Passengers’ safety must be the priority

Taxi drivers and the companies that employ them should agree over work practices

Some Abu Dhabi taxi drivers are working dangerously long hours. (Delores Johnson / The National )
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Taxis are an essential part of the transportation mix in Abu Dhabi and across the UAE. They offer an efficient, modestly-priced means of getting around our ever-­expanding cities, and they help to minimise the number of private vehicles on our busy roads. But, as The National reported yesterday, there are concerns over the way the system operates, and disagreement about work practices between taxi drivers on one side and their employers and the industry regulator on the other.

The Centre for Regulation of Transport by Hire Cars (TransAD), and taxi companies say that many drivers are refusing to work under a two-shift system, where each vehicle would have two drivers per day. Their argument is that, after accounting for rest and meal breaks and handover time, this should ensure that no driver exceeds the UAE’s maximum prescribed work shift of eight hours. Some drivers say they need to work 13 hours a day or more to reach their targets and earn extra money from commission. Taxi operators say that no driver is forced to work long hours, and that some of them choose only to work during peak hours.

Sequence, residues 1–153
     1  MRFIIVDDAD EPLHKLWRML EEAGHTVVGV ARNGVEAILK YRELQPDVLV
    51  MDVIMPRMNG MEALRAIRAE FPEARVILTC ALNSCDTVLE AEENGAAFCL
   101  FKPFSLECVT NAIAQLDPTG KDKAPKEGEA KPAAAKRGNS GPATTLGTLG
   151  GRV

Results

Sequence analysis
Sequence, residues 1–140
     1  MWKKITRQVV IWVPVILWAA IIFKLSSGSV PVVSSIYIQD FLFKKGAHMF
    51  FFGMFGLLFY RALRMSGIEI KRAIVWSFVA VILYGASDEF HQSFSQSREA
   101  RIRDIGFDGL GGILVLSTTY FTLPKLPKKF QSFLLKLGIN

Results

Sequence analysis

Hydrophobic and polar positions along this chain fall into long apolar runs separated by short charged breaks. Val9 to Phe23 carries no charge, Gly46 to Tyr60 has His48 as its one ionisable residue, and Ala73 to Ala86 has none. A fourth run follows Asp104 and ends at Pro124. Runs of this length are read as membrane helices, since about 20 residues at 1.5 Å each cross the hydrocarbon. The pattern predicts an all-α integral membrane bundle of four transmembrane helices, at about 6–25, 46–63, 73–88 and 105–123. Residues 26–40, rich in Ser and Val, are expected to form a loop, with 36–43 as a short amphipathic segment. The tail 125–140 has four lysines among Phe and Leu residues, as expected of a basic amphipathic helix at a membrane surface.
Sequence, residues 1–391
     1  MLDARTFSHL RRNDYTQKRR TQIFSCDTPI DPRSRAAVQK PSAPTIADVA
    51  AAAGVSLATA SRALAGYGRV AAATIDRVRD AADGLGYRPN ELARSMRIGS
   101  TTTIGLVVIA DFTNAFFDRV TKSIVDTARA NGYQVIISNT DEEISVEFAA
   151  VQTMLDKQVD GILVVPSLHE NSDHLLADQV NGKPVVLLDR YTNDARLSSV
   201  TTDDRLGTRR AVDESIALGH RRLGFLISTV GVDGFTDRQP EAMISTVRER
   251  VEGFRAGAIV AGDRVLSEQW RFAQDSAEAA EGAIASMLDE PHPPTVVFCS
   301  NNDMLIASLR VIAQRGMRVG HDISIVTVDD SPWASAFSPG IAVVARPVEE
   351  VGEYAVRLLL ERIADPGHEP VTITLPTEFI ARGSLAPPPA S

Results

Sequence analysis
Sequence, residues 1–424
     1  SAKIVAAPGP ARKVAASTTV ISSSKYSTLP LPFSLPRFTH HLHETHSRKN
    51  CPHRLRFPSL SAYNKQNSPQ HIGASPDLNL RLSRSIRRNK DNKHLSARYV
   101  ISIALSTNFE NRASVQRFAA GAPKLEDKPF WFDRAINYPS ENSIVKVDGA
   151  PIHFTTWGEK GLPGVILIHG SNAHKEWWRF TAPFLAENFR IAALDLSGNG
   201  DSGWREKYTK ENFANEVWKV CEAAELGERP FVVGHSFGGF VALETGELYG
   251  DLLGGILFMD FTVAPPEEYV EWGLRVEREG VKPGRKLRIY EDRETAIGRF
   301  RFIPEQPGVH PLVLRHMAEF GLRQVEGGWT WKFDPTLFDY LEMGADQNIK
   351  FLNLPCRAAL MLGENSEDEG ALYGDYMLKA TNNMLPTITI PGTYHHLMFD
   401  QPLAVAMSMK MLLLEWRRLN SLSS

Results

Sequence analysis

It is clear that both sides have a point. The taxi companies have a right to maximise the return they make on their vehicles by keeping them on the road 24 hours a day. The drivers have a right to earn a living wage – which, for most of them, means being able to keep themselves and remit money to support their families. It is in the interests of both sides to find ways that make it possible for all drivers to earn a fair wage from the mandated eight-hour day, allowing for one day off each week. If the double-shift system is to work, it must be structured in a way that gives all drivers the option of driving during the lucrative peak hours at least half of the time. The companies could also look at more efficient ways to connect taxis with potential passengers, and, if need be, restructure targets and commission rates, and perhaps even fares.

Prevailing over all of this is that passengers and other road users have the right to expect that taxi drivers are not working excessive hours and are alert at all times they are behind the wheel. A car can be a deadly weapon in the hands of somebody who is tired or stressed.

To do this, TransAD could look at using the technology that already exists in taxis to monitor taxi drivers’ hours and ensure they do not put lives – including their own – at risk.